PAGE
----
I started off in the north, amid the undulating, green hills of Hunt Valley, where multistoried homes sit far off and on high like distant castles.
Then down Falls Road to Ruxton, where every house has a chimney -- and some of them have more than one -- and where the homes are nestled among the trees, snug and comfortable like forest cottages.
Now over and around the Beltway to the tidy suburban tracts south of the city, with their smooth, trim, green lawns.
Finally, down to the quiet, half-hidden waterfront communities that radiate out from Ritchie Highway.
In one of these communities, I am told, the governor has his home.
So, I toured suburbia yesterday and suburbia was good.
And everywhere I traveled, I searched, I searched, I searched in vain for billboard advertising.
And guess what?
Although I found rolling hills and smooth green lawns and handsome homes, I didn't see billboards.
People in the suburbs, I am sure, swill liquor and chain-smoke cigarettes. But people in the suburbs apparently would rather not have billboards hawking these products marring the serenity of their neighborhoods.
It is only human to feel this way.
That's why it bothers me that the owners and managers of Boisclair Advertising, Inc. have so much trouble understanding why the people of Baltimore object to billboards in their communities.
I presume that the owners and managers and legal counsel of Boisclair Advertising, Inc. do not choose to have billboards sitting in their front yards.
Yet, Boisclair has plastered more than 1,300 illegal billboards in low-income residential neighborhoods throughout the city.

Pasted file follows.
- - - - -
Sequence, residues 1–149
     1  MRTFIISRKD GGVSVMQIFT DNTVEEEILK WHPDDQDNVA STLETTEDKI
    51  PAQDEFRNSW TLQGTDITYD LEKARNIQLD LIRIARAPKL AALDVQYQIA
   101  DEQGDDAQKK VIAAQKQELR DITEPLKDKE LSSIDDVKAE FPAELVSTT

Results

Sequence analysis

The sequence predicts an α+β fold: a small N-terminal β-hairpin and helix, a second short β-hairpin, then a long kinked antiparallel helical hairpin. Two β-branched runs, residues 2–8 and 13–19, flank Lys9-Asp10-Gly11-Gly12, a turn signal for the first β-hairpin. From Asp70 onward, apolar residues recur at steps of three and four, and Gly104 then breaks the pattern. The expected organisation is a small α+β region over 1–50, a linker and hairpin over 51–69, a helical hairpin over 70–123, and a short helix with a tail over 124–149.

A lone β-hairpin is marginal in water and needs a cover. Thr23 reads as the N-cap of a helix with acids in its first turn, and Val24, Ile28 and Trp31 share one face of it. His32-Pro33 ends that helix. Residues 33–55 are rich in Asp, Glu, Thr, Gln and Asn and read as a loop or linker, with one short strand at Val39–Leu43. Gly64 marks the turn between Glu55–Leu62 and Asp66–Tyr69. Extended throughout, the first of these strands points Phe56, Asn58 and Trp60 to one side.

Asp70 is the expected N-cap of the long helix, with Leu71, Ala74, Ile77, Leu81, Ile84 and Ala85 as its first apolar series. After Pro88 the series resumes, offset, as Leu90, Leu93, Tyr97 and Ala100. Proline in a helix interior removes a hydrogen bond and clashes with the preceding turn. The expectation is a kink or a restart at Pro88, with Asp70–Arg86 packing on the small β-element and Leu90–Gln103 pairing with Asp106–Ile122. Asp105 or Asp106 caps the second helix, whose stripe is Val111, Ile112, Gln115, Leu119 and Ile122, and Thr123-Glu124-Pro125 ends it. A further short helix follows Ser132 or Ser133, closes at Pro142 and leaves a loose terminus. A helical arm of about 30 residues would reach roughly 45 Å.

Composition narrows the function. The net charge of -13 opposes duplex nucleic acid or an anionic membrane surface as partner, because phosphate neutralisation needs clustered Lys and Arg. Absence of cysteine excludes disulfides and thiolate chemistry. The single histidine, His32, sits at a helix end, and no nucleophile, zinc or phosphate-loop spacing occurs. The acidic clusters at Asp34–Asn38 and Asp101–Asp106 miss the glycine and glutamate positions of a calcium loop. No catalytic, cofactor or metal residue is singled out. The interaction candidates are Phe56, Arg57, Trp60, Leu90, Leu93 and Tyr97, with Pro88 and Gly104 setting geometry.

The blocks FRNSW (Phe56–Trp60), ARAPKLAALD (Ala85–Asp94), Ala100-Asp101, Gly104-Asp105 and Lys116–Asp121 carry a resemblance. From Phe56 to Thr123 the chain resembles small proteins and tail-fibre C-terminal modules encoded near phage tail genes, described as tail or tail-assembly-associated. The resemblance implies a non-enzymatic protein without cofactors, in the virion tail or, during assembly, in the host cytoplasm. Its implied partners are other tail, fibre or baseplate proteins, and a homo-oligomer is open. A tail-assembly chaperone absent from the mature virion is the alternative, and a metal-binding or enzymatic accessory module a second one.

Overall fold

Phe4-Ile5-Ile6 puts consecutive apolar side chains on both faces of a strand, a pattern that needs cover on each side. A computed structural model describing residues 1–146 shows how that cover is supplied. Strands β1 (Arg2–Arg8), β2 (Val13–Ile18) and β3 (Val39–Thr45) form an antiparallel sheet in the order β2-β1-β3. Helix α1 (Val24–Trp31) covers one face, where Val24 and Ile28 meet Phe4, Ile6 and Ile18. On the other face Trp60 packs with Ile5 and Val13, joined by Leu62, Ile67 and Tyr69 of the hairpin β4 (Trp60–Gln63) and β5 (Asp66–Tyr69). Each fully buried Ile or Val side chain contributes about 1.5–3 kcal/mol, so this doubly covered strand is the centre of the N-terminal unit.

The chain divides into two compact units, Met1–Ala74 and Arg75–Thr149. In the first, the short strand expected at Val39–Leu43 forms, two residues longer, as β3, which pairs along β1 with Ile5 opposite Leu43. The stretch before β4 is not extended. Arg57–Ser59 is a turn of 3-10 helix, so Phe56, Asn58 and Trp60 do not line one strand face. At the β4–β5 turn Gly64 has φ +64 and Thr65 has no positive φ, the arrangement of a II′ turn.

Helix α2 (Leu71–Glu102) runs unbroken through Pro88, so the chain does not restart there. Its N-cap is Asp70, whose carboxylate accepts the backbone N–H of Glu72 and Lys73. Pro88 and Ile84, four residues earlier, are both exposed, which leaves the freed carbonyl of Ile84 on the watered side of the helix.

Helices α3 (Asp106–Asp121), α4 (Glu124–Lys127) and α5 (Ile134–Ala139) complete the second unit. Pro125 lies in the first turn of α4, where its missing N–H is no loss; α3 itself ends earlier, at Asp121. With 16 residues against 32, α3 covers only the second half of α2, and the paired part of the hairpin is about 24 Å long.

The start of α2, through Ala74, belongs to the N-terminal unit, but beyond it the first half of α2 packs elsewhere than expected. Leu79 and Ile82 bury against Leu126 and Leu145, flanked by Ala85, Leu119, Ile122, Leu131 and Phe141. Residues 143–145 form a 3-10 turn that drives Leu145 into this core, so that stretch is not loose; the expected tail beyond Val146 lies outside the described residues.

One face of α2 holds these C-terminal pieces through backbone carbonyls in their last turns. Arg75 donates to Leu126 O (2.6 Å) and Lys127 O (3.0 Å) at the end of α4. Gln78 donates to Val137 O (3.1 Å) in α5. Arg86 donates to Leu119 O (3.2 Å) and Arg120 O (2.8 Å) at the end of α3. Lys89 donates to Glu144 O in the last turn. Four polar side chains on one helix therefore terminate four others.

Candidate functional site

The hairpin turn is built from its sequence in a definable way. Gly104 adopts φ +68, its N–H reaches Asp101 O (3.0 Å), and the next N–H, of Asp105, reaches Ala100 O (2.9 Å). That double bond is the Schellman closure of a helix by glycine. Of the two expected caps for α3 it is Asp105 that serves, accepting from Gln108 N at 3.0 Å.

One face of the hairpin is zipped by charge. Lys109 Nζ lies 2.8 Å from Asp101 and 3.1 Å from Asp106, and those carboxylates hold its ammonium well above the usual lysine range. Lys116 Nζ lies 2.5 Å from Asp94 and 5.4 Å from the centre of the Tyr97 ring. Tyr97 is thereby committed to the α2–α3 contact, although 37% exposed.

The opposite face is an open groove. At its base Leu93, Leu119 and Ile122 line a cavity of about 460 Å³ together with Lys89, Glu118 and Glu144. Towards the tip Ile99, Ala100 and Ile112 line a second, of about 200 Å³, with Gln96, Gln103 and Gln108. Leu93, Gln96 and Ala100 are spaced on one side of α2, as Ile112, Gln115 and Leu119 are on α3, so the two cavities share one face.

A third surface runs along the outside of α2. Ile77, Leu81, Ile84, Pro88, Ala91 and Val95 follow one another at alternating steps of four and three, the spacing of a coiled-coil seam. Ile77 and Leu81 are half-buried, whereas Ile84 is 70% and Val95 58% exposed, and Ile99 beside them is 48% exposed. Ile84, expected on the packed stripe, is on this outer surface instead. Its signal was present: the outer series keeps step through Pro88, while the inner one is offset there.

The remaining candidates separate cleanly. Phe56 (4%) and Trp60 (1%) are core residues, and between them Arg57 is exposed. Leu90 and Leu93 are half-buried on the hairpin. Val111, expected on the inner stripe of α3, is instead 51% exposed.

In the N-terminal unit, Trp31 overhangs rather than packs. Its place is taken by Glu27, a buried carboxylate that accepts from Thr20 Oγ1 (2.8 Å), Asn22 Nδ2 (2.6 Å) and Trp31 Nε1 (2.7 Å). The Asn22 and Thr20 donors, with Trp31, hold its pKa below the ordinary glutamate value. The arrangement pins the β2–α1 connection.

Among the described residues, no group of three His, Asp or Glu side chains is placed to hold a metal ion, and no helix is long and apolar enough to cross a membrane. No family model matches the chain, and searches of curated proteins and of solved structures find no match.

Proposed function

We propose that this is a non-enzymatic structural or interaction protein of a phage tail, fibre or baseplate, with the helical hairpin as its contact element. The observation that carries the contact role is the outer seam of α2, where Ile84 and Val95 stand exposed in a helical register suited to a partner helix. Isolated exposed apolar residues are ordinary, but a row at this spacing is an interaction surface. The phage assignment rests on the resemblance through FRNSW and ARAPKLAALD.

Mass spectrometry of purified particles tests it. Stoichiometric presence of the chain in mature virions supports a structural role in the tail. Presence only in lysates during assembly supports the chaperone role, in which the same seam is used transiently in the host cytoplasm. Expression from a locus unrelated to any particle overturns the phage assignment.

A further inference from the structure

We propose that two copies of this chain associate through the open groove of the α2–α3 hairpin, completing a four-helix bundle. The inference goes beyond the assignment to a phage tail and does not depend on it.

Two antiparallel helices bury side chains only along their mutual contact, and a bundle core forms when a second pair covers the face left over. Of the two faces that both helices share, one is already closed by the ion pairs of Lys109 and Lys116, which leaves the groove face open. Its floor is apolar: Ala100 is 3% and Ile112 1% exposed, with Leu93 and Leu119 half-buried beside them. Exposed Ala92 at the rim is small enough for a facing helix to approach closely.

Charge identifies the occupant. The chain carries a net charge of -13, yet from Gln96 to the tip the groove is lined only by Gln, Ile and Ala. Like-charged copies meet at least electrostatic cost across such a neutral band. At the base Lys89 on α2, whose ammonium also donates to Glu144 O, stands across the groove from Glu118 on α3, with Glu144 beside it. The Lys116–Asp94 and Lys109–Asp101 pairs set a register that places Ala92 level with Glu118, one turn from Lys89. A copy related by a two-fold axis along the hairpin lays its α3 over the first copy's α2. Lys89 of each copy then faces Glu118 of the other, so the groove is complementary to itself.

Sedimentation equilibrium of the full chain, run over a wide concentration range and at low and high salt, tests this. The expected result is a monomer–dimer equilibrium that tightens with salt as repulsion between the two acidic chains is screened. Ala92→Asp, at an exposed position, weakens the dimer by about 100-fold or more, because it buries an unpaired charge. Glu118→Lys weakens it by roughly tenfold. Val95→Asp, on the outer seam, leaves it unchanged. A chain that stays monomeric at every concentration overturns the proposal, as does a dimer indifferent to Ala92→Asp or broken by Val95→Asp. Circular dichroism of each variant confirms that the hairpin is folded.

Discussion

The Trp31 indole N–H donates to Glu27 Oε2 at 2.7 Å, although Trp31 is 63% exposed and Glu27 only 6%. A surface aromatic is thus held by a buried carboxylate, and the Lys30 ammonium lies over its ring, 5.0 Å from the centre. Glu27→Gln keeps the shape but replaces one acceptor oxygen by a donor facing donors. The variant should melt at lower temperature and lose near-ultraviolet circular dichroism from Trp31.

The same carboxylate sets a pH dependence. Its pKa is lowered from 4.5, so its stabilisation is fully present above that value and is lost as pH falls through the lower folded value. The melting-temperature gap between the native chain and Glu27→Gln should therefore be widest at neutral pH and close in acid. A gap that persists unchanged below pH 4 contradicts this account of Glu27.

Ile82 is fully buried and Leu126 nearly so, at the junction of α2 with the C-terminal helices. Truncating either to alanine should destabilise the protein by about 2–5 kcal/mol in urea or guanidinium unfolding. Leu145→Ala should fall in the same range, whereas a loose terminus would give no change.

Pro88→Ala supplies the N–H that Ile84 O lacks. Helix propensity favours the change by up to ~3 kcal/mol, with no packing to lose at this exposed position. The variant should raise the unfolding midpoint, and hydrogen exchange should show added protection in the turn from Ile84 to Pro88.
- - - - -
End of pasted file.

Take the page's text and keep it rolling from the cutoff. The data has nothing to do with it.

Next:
The people in those neighborhoods say they don't like them.
City officials say the billboards are illegal.
Last week, a city judge even ordered the company to take the billboards down within 60 days.
L Yet, Boisclair and its lawyers act astonished and aggrieved.
They act as though they find such objections hard to believe, as though the courts have failed to understand some crucial higher truth about the city's need to have Boisclair billboards looming over people's homes.
And so, the company has vowed to take its case to the state's highest court.
"Absolutely, we're going to appeal," said one of Boisclair's lawyers after last week's ruling in city Circuit Court. "This is just the beginning."
Money is involved, to be sure. Boisclair estimates that the billboards are worth more than $2 million in investment and revenue.
Yet, money isn't everything.
In theory, Boisclair might make even more money with 1,300 billboards hawking liquor and cigarettes dotting the gentle hills in Hunt Valley. But Boisclair knows that the affluent people in Hunt Valley would rise up in outrage should 1,300 billboards appear on their green hills.
So why is it that poor people have so much trouble getting their point across?
Why is it so hard for the owners and managers and lawyers of Boisclair to understand that poor people want what other people want: neighborhoods that are nice, quiet and reasonably serene?
Boisclair's determination to fight on for the insane right to post billboards in residential neighborhoods has all of the blind zealotry of a crusade.
But a crusade for what?
The word "anthropomorphism" comes to mind.
Anthropomorphism is the ascribing of human emotions to animals or objects that are not really human. Small children, poets and other romanticists are often guilty of anthropomorphism. You see a lot of anthropomorphism in cartoons and comic books.
Perhaps Boisclair is convinced the court and city officials have ascribed human sensibilities to animals or objects (the poor people of Baltimore) that don't deserve it.
So, perhaps Boisclair has launched a crusade against the
empty-headed romanticism of the Circuit Court.
Perhaps they are determined never to succumb to the silly sentimentality of city officials.
Perhaps, in other words, they are engaged in a fierce crusade against anthropomorphism.
If so, it is a battle Boisclair will never, ever win.
Why? Because the people of Baltimore will never, ever let Boisclair win.